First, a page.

Female Scientists 2021
Alexandra Stubelius, Assistant Professor at the Department of at Chemical Biology/Biology and Biological Engineering at Chalmers and Carolina Guibentif, researcher working in the Department of Microbiology and Immunology, are the two recipients of this year’s grants from the Hasselblad Foundation that support female researchers and expanding their qualifications in the natural sciences. The grant provides SEK 1 million and the opportunity to become established as an independent researcher.
Half of all childhood cancers have a suspected prenatal origin, which limits the possibility to study the cells undergoing the initial mutations, as this happens in utero. In my project, I propose to use human pluripotent stem cell cultures to study these early events, leading to childhood cancer, that take place before birth. Pluripotent stem cells can be cultured in the laboratory indefinitely and can give rise to all cell types in the body.
In this project, I focus on the development of the blood lineage, since some of the mutations found in childhood leukemia (a blood cancer) have been shown to occur before birth. In the developing embryo, with increasing organism size and complexity, the requirements for a circulation system providing oxygen, nutrients, and immunity, also evolve. Hence, the blood system develops in successive “waves”. Multiple early cell maturation waves give rise to different short-lived blood cell populations.
It is still unclear how different blood cell populations are generated in each of these early maturation waves. During my previous research, I was able to define these processes molecularly in a mouse model by using a novel technique, called single-cell RNA sequencing (scRNAseq), where we could measure the expression of every gene in each individual cell of a mouse embryo.
My plan is now to apply the same technique to in vitro differentiation of human pluripotent stem cells to blood. I will then be able to identify each intermediate step leading to the production of blood cells from human pluripotent stem cells, and chart the waves of human blood maturation that take place in the dish.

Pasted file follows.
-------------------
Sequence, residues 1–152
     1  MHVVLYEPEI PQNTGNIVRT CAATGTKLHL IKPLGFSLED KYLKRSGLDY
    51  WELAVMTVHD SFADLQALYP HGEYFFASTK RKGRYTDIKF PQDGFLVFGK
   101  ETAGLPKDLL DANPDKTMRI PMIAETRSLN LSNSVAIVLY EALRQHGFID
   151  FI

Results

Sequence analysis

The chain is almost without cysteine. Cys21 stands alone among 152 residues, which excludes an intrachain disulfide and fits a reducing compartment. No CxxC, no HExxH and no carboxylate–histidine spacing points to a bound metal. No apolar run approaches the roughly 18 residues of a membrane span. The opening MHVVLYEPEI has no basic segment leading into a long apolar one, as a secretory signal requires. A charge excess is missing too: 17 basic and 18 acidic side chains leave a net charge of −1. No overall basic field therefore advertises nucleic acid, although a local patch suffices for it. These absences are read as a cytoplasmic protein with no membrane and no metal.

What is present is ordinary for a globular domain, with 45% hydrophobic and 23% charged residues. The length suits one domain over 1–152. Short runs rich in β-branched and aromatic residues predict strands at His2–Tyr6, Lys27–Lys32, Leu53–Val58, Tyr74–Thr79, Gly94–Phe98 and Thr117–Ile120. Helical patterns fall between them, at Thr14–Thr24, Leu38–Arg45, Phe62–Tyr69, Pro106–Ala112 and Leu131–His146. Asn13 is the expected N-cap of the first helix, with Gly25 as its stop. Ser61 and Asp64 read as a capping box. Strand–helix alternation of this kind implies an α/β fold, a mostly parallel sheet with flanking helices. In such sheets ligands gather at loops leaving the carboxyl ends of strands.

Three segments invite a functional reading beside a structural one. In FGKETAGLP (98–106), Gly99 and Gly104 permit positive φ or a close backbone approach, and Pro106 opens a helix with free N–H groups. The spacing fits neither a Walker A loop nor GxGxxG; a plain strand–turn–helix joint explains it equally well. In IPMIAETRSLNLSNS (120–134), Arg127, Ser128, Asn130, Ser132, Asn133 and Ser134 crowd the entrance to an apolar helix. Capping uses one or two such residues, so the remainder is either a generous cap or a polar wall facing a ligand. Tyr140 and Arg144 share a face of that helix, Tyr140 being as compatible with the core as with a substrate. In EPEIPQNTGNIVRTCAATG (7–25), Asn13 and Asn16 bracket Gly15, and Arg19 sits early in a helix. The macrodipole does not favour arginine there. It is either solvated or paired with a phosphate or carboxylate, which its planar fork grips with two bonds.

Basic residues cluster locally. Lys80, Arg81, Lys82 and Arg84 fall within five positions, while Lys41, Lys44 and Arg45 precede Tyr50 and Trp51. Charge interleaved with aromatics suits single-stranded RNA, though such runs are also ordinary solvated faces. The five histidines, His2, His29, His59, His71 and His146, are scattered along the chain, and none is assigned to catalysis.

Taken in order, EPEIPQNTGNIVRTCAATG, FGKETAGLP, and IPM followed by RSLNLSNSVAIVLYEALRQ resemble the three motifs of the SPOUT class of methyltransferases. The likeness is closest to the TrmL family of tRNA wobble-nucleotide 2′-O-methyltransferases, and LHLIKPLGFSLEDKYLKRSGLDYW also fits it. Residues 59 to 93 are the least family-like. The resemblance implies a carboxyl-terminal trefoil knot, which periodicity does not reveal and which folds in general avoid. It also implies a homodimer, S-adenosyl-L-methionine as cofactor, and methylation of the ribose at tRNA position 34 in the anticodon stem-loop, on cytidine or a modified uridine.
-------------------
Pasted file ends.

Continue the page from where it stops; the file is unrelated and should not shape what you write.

The next step will be to see how these waves of blood maturation are affected when the pluripotent stem cells contain perturbations known to predispose to childhood leukemia. For this, I will examine trisomy 21, the chromosomal abnormality that causes Down syndrome. Down syndrome children have high likelihood to develop acute myeloid leukemia, in a process that is known to start during embryonic development. However, the precise molecular mechanism is still under investigation.
My plan is to apply my approach of scRNAseq to in vitro differentiation, in the laboratory, of pluripotent stem cells towards the blood lineage, this time using pluripotent stem cells with trisomy 21. I will then be able to study how this chromosomal abnormality affects the development of the embryonic blood system, and how it may increase the chances of leukemia onset.
With this project, I will therefore establish a new in vitro platform to study how processes leading to childhood cancer already take place during embryonic development. A better understanding of these molecular processes will help develop novel cancer therapies.
Millions of people around the world are suffering from diseases such as arthritis, atherosclerosis, and fatty liver, which all get worse from inflammation, and Alexandra’s research is about developing better therapies for them.
An overactive immune system can attack the body’s own tissues, causing both allergies and chronic diseases. The most common anti-inflammatory drugs used today inhibit all immune functions – even the good defence mechanism and need to be used at high doses. These high doses result in side effects on other organs.
Alexandra Stubelius’ team develops immunomodulating nano-therapeutics, where the drugs can be directed to the right area, at the right concentration, and at the right time.
Alexandra Stubelius team uses three different strategies to develop smarter nanomedicines. First, they develop new materials, nanovesicles, that can carry existing anti-inflammatory drugs. The materials are designed to target the inflammation and deliver the drugs without damaging the surrounding tissue.
The second strategy is to create nanomaterials that can modulate the immune system. The nanomaterial acts as active substance that affects the immune response. With this method, they can fight inflammation in a new way. The aim is to interfere with the communication signals of immune cells already in the blood stream. This inhibits more immune cells to be recruited to the affected tissue and prevents the inflammation from getting worse
The third strategy is based on the discovery that the immune system not only defends out bodies, but also heals damaged tissue. The researchers examine which components that affects the immune cells in the healing process. The identified components can then be used to continue develop smarter materials for more specific immune-regulating therapies.